As mentioned at the beginning of the detailed description, applicants are not limited to the specific embodiment described above. Various changes and modifications can be made. Such specific embodiment is exemplary rather than exhaustive. The claims, their equivalents and their equivalent language define the scope of protection.
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|U.S. Classification||359/802, 359/698, 359/676, 359/689|
|International Classification||G02B25/00, G02B7/10, G02B15/177|
|Cooperative Classification||G02B7/10, G02B25/008|
|European Classification||G02B7/10, G02B15/177, G02B25/00B4|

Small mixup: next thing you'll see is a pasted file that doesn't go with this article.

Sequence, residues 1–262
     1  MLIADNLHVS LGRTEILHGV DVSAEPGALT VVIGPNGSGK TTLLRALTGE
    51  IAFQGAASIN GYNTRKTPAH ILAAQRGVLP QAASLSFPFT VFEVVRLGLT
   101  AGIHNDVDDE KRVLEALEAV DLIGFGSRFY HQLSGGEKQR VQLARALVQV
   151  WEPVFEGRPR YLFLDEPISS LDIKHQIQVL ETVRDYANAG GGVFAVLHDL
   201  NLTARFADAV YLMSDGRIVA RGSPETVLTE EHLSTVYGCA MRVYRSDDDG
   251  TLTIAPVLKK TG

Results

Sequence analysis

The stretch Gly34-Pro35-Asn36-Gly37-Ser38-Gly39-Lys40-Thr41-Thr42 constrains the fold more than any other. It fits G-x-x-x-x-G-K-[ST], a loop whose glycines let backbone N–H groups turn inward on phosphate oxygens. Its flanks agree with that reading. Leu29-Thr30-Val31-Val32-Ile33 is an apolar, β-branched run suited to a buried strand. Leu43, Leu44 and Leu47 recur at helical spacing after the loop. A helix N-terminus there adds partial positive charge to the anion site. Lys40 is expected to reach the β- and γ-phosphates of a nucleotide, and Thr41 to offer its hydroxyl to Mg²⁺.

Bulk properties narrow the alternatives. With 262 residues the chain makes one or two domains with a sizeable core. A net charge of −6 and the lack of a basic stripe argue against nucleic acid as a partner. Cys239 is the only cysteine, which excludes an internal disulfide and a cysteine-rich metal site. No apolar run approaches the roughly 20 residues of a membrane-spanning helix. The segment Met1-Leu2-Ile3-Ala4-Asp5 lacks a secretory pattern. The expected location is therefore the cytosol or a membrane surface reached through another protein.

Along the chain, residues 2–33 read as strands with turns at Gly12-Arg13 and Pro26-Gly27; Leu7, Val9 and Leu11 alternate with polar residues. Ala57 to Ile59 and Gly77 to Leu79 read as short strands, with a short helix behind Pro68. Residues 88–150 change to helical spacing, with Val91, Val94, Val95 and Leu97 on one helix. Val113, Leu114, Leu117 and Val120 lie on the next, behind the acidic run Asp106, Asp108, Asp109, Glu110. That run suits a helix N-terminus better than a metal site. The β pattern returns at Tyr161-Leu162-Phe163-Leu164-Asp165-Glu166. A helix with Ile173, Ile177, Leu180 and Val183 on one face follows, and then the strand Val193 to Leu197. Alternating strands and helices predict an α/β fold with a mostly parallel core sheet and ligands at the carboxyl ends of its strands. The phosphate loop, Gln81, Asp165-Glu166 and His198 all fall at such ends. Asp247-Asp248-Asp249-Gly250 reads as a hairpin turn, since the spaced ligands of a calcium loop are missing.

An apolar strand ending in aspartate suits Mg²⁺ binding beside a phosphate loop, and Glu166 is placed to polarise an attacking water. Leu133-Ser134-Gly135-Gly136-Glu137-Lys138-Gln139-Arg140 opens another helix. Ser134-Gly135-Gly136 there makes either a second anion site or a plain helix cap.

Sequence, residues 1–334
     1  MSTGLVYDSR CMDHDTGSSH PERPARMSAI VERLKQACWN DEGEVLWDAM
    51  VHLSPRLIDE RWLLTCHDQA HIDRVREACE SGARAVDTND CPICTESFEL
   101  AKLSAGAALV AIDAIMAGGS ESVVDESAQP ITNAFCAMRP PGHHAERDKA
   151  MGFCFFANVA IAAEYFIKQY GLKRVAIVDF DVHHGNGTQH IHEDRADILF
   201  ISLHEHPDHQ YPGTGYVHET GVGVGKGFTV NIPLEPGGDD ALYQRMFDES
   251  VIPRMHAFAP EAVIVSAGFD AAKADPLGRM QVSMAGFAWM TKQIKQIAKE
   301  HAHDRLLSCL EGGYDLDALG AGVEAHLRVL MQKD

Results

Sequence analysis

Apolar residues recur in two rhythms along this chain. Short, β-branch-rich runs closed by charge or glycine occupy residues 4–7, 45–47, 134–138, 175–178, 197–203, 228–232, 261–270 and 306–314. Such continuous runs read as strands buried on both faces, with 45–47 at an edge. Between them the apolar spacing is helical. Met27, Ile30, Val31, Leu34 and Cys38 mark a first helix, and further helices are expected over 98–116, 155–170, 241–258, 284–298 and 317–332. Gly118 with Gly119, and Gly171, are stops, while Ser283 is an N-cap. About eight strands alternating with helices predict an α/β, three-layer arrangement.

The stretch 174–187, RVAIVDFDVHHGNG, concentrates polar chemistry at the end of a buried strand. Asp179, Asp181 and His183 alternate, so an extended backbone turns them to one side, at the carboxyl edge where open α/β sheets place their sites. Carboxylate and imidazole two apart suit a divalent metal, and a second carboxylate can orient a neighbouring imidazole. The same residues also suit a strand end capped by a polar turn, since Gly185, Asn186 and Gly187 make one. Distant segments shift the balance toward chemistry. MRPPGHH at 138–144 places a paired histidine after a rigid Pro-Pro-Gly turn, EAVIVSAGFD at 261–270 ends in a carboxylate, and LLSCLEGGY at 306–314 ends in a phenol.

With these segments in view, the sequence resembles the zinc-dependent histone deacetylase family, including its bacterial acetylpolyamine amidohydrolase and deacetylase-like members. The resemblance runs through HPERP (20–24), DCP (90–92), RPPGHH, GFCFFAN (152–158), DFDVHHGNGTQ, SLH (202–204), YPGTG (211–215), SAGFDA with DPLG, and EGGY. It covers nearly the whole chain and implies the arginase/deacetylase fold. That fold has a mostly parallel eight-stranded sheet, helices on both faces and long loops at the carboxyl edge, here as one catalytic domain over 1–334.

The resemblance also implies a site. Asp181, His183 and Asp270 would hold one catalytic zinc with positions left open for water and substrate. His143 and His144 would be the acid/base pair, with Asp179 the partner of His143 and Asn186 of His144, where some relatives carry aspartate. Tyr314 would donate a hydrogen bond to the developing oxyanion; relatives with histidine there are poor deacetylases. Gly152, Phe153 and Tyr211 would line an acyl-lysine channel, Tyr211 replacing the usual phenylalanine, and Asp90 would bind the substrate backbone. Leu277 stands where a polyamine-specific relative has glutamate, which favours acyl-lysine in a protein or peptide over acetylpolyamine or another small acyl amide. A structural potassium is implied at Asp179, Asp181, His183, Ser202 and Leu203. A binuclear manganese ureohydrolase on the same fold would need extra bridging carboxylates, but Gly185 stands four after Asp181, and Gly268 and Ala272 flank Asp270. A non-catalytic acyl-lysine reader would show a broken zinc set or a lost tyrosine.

|Oct 24, 1994||AS||Assignment|
Owner name: TELESENSORY CORPORATION, CALIFORNIA
Free format text: ASSIGNMENT OF ASSIGNORS INTEREST;ASSIGNORS:LAWSON, JOHN A.;MORRISON, W. ANDREW;SAVOIE, ROB E.;REEL/FRAME:007206/0106;SIGNING DATES FROM 19941019 TO 19941020
|May 21, 2001||FPAY||Fee payment|
Year of fee payment: 4
|Jun 24, 2005||FPAY||Fee payment|
Year of fee payment: 8
|Jul 6, 2009||REMI||Maintenance fee reminder mailed|
|Dec 30, 2009||LAPS||Lapse for failure to pay maintenance fees|
|Feb 16, 2010||FP||Expired due to failure to pay maintenance fee|
Effective date: 20091230